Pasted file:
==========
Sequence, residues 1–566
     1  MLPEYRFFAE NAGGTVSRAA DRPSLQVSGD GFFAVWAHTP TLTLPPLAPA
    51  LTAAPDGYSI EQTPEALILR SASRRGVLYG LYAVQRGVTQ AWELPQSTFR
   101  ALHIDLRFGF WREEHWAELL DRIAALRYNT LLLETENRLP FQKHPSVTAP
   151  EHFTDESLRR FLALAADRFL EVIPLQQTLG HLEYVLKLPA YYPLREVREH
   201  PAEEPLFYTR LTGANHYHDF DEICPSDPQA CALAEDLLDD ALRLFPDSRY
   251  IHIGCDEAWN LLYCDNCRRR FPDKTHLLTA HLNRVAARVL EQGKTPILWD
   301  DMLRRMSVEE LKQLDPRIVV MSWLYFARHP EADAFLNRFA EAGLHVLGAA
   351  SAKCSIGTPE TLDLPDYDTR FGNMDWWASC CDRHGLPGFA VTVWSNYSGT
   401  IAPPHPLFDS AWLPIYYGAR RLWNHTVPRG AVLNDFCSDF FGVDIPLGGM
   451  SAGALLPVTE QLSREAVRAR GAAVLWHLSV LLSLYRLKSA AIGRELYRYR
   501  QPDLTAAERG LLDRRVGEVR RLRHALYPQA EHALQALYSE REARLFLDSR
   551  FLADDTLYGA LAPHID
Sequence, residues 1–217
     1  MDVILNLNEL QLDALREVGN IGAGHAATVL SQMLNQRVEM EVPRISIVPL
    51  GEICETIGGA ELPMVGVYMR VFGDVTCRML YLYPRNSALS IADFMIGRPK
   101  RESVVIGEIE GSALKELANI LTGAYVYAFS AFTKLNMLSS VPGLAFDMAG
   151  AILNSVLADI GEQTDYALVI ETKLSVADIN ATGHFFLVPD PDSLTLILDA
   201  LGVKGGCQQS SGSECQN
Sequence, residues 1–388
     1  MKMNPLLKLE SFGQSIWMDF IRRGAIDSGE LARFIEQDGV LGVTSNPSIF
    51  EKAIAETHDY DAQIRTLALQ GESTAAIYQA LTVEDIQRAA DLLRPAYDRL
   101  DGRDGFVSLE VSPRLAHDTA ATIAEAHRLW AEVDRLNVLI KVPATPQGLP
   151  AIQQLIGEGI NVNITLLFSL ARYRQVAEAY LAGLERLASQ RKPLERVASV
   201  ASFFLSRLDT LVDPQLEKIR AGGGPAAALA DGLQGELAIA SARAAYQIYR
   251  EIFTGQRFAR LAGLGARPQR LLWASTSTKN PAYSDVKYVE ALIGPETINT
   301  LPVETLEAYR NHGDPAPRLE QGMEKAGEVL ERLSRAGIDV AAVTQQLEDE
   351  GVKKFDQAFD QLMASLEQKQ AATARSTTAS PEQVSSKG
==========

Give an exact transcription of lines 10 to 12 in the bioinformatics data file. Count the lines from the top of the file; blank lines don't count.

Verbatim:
   401  IAPPHPLFDS AWLPIYYGAR RLWNHTVPRG AVLNDFCSDF FGVDIPLGGM
   451  SAGALLPVTE QLSREAVRAR GAAVLWHLSV LLSLYRLKSA AIGRELYRYR
   501  QPDLTAAERG LLDRRVGEVR RLRHALYPQA EHALQALYSE REARLFLDSR